--And be careful setting up this expectation then pulling the rug out from under your reader. As with any rule, it can be broken, but be careful having a happy lighthearted novel then at the end you decimate every relationship or good thing.
2. Sad Ending
--These are trickier, in my opinion. Some people like to cry with their books (*waves at Oprah*), but you don't want to end sadly with no kind of resolution or lesson.
--Give the reader something to walk away with. In Titanic, it's horrible that sexy Leo dies, I ugly-cried in the theatre, BUT I was left with the sense of the undying power of love and how someone who we meet only briefly can touch our lives forever.
--This kind of ending also works when the only logical place for the story to go is down the sad road. If you're writing a story about the Holocaust, you probably aren't going to be able to wrap it up with balloons and sunshine. (And your readers won't expect you to).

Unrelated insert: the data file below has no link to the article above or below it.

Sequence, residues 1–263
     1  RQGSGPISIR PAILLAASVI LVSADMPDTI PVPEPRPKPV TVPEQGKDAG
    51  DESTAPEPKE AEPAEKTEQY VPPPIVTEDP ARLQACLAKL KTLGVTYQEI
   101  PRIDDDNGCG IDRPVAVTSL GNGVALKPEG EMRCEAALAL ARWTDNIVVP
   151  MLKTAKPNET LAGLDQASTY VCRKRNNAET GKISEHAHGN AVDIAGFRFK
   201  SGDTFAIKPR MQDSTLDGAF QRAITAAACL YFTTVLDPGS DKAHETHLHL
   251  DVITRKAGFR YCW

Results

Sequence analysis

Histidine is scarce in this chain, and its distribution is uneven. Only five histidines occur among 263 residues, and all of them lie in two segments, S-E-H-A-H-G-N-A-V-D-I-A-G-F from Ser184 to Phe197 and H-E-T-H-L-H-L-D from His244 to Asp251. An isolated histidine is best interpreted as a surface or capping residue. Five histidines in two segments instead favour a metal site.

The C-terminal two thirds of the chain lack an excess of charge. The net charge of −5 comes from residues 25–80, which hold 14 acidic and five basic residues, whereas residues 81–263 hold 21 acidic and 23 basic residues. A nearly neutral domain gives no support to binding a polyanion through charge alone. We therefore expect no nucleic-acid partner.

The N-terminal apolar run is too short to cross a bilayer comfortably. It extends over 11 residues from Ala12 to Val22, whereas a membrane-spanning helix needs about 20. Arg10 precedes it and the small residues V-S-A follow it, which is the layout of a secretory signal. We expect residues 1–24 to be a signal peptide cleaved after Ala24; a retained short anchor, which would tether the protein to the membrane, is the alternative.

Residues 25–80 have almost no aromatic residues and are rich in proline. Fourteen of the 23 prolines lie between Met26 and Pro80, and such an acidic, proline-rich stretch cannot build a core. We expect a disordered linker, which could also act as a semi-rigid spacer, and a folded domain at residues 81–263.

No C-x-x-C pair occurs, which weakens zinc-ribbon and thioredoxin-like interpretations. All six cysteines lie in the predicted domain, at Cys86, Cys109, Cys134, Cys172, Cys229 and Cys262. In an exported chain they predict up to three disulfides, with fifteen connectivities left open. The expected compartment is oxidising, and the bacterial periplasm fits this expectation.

3. The Cliffhanger
--These are only okay if you are planning a series, in my opinion. Nothing with piss me off more than a book ending with no wrap-up and no next book. That will ruin me on an author.
--Even if you are setting up for the next book, make sure that you have some resolution with some of your story threads so that your reader has some sense of satisfaction (along with a desire to know more on the unresolved ones.)
--These can be very effective, as I mentioned in my review yesterday. The cliffhanger is the only thing that's going to get me to buy the next book. I also just finished the first four books of The Vampire Diaries and LJ Smith is great at the cliffhanger. I read all four books in about three days because of those darn cliffhangers.